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Housing and Homelessness

LA Tenant Groups Are Suing California Over Decision To End Rent Relief

 A "For Rent" sign hangs outside an apartment building in northeast Los Angeles.
A "For Rent" sign hangs outside an apartment building in northeast Los Angeles.
(David Wagner/LAist )
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Los Angeles tenant groups are suing California’s housing department, alleging that the state’s decision to wind down its rent relief program on April 1 unlawfully cut off applicants waiting for funds and put them at risk of eviction.

California’s Housing and Community Development Department stopped taking new rent relief applications at the end of March. It also denied requests from April onward. The program had previously distributed relief for “prospective” rent that applicants couldn’t pay.

Renter advocates say that decision left many tenants facing eviction, because they couldn’t pay April rent and weren’t aware the state’s rent relief program would no longer cover future debts.

“That's really contrary to the purpose of the program,” said Public Counsel staff attorney Greg Bonett, one of the lawyers representing Strategic Actions for a Just Economy (SAJE) and the Alliance of Californians for Community Empowerment (ACCE), the groups that filed the lawsuit Wednesday.

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“The program is supposed to prevent evictions and stabilize households,” he said. “It's supposed to cover 100% of the rent debt that accrued during the pandemic.”

SAJE and ACCE have been assisting low-income L.A. tenants in the rent relief application process, which has proven confusing for many — especially those with language barriers and limited home internet access.

The tenant organizations say the state has failed to make good on promises that qualified applicants would receive funds covering 100% of their pandemic rent debt, up to 18 months.

The state announced its March 31 deadline about a month in advance. Renter advocates say many applicants still experiencing pandemic-related hardships only learned that their requests for help in April and beyond would be denied when they logged into their online accounts to see those months wiped out.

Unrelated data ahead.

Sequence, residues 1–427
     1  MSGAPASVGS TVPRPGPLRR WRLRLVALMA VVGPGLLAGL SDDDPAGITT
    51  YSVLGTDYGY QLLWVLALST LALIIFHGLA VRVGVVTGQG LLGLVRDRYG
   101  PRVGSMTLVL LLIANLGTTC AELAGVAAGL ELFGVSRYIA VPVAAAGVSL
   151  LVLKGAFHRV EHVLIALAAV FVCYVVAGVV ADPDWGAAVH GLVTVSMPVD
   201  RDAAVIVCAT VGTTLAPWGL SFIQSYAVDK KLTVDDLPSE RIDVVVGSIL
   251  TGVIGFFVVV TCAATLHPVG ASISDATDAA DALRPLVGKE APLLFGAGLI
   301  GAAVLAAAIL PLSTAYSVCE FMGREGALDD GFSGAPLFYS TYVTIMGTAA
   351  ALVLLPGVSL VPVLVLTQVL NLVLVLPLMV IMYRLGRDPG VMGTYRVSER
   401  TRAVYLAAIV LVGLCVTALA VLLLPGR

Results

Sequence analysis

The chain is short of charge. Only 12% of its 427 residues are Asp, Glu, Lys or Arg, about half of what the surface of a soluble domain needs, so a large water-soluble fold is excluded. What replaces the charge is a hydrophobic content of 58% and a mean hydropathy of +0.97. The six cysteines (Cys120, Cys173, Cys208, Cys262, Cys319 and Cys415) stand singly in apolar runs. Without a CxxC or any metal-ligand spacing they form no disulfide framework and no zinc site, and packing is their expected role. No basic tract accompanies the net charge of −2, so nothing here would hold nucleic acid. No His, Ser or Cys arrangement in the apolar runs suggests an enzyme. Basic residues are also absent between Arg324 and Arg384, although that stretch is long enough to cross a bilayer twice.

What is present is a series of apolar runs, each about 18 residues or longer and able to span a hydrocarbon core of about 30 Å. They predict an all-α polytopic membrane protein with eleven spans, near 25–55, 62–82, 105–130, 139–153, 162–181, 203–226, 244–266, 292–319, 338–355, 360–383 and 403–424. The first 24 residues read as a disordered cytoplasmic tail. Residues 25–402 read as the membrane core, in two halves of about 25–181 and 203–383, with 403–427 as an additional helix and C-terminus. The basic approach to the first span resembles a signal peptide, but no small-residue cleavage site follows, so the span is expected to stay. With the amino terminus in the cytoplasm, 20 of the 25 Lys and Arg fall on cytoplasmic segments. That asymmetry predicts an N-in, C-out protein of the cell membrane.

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According to U.S. Census survey data from early April, about 48,000 households in the L.A. area who were still waiting for their rent relief applications to be processed said they were not at all confident they could pay next month’s rent.

Tenants who applied in early 2022 suddenly found themselves cut off. And many have already received eviction notices, said plaintiffs’ attorney Jonathan Jager of the Legal Aid Foundation of Los Angeles.

The statute is clear that tenants who are in this situation are entitled to their April and May rent payments.
— Plaintiffs' attorney Jonathan Jager

“The statute is clear that tenants who are in this situation are entitled to their April and May rent payments,” he said. “The department is not following state law in not paying those months.”

State housing department spokesperson Nur Kausar said the agency does not comment on pending litigation. But she noted that the state’s rent relief program has so far delivered more than $3 billion to households throughout California.

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“We continue to process applications that were received by March 31,” Kausar wrote in an email. “This program was designed to be a temporary support and we stand by the work to date that kept Californians housed during the COVID-19 pandemic.”

The lawsuit is not seeking to force California to reopen its rent relief program to new applicants. Rather, it seeks an injunction ordering the state to cover all the rent debt sought by tenants who got their applications in on time.

Jager said the state committed to pay these applicants. He argued the department’s decision to cut off assistance beyond March was arbitrary. He said it would be a policy failure to let landlords collect government-funded rent relief, and then turn around and evict those very same tenants over failure to pay rent starting in April.

“If the goal of the rental assistance program was to prevent eviction, the state and the department now have taken a position that is allowing tenants who are in the program to still be evicted,” he said.

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